MANN: I think that the way women have been socialized enables them to bring a different way of thinking to the mix. I’m not saying it’s necessarily better or worse, but it is a different kind of thinking. Women…
HEFFNER: But you don’t like the way they’ve been socialized.
MANN: I would prefer they be socialized in a slightly different way, without so much emphasis on the caretaking and the dependency, and a great deal more emphasis on the leadership. But women do treasure connectedness. And I think that… With other people, with ideas. But mostly with other people. And I think that kind of connectedness is the kind of glue that can keep our communities together in ways that we’re not taking advantage of it now. I would also like to see men be socialized to treasure that connectedness and to think more in terms of how their actions impact on other people.
HEFFNER: Okay. Let’s take the word “connectedness.” Is this something that you find to be a function of the socialization, or a function of vive la difference, there is something that is peculiarly connected about women and their genes?
MANN: It may have something to do with brain circuitry. We don’t know. There’s an awful lot about this area of, say, sensitivity, which is at the root of this, that they simply don’t know where it’s coming from. There seems to be a good bit of debate about that. There aren’t any answers. We do know that the brain is a very, very malleable organ. And that the more certain parts of it are used, the better developed they are. And if you don’t use certain parts, they get sloughed off. And this happens within the first three years of life, and it seems to continue to happen throughout our lives. But this is an area that’s being explored, and we don’t have the answer to that.
HEFFNER: A question that came up in the Twenties when we felt that women were going really to enter our political lives, given the vote, etcetera: Do you think that women have made a difference politically, or would make a difference politically? There’s always that thought about, well, women, God bless them, will bring world peace.
MANN: The first wave of women who assumed really important leadership roles behaved like men. Golda Meir, Indira Gandhi. But that’s always the case …
HEFFNER: Smarter than men. Come on.
HEFFNER: And I’m not saying that to be cute. I think that connectedness that you talked about provided a means of, being of … acts being smarter. But go ahead.
MANN: But that first wave of women into any institution, in order to even get in there they had to be the kind of people that men felt comfortable with, that they could share power with. Therefore they’re going to be the kind of people who think and operate, to some extent, the way men do. And we saw that with them. But now we have second waves of women coming along. In Scandinavian countries they have a fair amount of power now in the legislatures. They’re beginning to gain a lot of power in the state legislatures in our country, and to a lesser extent in Congress. But they get involved in subjects on areas of legislation that do impact women and children and their families in a way that men are less likely to. The legislation, for example, to try to prevent these drive-through mastectomies. All of this stuff is coming from women legislators that are being very responsive to a need of their female constituents. A lot of the childcare efforts that have been pushed in different places have come from the efforts of women legislators. So they bring a different area of interest.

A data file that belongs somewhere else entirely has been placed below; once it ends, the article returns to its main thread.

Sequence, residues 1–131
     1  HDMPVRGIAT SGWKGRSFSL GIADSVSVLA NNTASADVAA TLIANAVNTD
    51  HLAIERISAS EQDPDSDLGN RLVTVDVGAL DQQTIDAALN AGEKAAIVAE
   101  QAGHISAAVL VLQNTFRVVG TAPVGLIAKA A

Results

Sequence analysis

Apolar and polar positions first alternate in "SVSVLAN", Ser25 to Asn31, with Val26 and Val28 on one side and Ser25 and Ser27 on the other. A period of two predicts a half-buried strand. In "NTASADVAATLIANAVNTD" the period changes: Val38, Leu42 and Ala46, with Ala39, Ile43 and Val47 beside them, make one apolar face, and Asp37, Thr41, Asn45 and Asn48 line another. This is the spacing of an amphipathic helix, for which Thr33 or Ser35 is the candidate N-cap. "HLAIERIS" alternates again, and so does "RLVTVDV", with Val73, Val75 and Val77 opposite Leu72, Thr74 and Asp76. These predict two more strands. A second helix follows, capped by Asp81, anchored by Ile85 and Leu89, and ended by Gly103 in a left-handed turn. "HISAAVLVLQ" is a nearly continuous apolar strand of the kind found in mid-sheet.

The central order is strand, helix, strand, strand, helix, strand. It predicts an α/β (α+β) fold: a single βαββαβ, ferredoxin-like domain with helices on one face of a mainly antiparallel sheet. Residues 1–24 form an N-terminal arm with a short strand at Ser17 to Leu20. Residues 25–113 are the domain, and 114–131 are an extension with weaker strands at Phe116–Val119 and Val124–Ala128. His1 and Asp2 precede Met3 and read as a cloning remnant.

HEFFNER: Well, you know, when I was reading the new The Difference, the paperback edition… Where was it, what is the phrase that you use? Oh, one of the chapters: “Is There a Doll in Her Brain?” And then another chapter: “Is There a Truck in His Brain?” Are you saying, in conclusion — although I’m going to ask you to come back to this table, because there’s so much more to talk about here — not, “Are you saying…” Tell me, do you think that maybe… To what degree do you think that there is a doll or a truck?
MANN: The research that I found most interesting on that was done by Sherry Berenbaum out in Chicago. And she took a group of girls who had an enzyme deficiency and they were born with masculinized genitalia. These girls went for the trucks. So there is clearly some hormonal influence there that does tend to guide little boys towards trucks and little girls towards dolls.
HEFFNER: But, of course, we’re not just talking about trucks and dolls; we’re talking about a whole lifetime of choices and experiences.
MANN: That’s right. And I think that one of the things that we need to understand is that thousands and thousands of years ago, men were out, they were riding horses, they were, you know, foraging for food quite far apart from the campsite, whereas women with children had to stay closer to the camp. And we developed different ways of gathering food. That seems to be fairly clear. And I think that may have had something to do with our sense of spacial orientation and our sense of energy.
HEFFNER: Well, as an aggressive male I’m going to ask you to stay where you are so we can do another program. I hope you’ll agree.
MANN: I’d love to.
HEFFNER: Good. Judy Mann, thank you for joining me today on The Open Mind.
MANN: Thank you.
HEFFNER: And thanks too, to you in the audience. I hope you’ll also join us again next time. Meanwhile, if you would like a transcript of today’s program, please send $4 in check or money order to: The Open Mind, P.O. Box 7977, FDR Station, New York, NY 10150.
Meanwhile, as an old friend used to say, “Good night, and good luck.”
N.B. Every effort has been made to ensure the accuracy of this transcript. It may not, however, be a verbatim copy of the program.